France has a “dominant payer” system, where one quasi-governmental entity (CNAMTS) pays many bills, but about 90 percent of the population maintains private coverage as well, and most people pay something out of pocket each year.

The United Kingdom, finally, directly administers almost all medical personnel and facilities through a single governmental entity in each of the home countries. This is a “single provider” system.

Except in the United Kingdom, furthermore, there are significant numbers of people in all of these countries who report problems paying for needed medical care. This percentage is higher in the United States and Germany, intermediate in France, and lower in Canada. The UK only achieves its apparently enviable results because of long waiting lists for many procedures and health care rationing systems that are pretty close to the fictional “death panels” some conservatives claimed were part of Obamacare.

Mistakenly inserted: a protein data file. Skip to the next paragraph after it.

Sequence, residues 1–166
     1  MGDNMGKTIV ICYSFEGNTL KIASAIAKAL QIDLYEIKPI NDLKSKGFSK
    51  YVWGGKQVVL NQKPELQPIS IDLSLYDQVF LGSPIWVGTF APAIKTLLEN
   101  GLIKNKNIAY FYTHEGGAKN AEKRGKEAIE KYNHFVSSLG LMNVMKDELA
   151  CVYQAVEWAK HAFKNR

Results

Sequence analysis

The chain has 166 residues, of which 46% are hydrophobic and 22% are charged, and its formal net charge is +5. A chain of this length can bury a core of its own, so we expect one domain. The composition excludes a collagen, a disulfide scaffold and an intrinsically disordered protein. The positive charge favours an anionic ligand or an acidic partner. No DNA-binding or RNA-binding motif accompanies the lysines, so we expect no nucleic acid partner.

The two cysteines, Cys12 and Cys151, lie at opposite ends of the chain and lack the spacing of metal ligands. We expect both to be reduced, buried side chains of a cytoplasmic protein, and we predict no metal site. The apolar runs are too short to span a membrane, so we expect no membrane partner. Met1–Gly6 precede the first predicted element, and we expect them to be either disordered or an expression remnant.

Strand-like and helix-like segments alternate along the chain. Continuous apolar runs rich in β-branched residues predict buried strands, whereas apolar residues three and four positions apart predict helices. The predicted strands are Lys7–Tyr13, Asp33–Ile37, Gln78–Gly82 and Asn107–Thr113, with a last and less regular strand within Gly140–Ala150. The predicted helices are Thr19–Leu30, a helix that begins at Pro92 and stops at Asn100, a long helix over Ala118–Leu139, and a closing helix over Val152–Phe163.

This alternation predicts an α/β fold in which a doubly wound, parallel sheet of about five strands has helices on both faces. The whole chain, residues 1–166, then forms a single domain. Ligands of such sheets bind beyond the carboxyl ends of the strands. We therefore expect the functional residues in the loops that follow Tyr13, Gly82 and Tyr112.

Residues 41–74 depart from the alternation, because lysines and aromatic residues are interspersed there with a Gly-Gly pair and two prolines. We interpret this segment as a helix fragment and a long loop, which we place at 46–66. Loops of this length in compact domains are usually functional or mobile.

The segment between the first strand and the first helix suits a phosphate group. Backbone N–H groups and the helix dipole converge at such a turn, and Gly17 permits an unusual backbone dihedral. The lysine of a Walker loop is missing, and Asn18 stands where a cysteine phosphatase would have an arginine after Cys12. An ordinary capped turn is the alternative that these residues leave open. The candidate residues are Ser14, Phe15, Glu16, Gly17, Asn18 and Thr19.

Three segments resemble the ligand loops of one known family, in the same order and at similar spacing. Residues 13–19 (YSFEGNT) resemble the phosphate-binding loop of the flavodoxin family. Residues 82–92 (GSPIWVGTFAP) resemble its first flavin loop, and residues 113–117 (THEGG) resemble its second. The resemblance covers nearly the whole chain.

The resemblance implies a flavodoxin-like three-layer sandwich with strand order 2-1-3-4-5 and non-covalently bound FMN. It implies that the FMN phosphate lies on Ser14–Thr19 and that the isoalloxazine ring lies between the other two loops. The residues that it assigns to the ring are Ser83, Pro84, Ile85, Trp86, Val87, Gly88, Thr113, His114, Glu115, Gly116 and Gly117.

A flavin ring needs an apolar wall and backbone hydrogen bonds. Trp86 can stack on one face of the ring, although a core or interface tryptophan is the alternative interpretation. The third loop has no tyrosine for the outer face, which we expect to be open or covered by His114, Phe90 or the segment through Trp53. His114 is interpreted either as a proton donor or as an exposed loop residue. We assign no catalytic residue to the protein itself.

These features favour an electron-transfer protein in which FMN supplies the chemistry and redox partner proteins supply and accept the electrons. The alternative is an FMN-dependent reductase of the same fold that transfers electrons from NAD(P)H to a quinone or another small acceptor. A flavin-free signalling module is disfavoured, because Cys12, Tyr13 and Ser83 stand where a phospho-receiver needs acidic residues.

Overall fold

The American system as it exists isn’t unusually free market either. The German, French, and Japanese systems — where consumers much more frequently shop around for insurance plans they like rather than having the government or an employer chose — offer more consumer choices than most Americans enjoy. Even though taxpayers pick up a very large portion of the bills, the French practice of publically providing the prices of medical procedures makes that system feel a lot more like a free market than anything most Americans see day-to-day.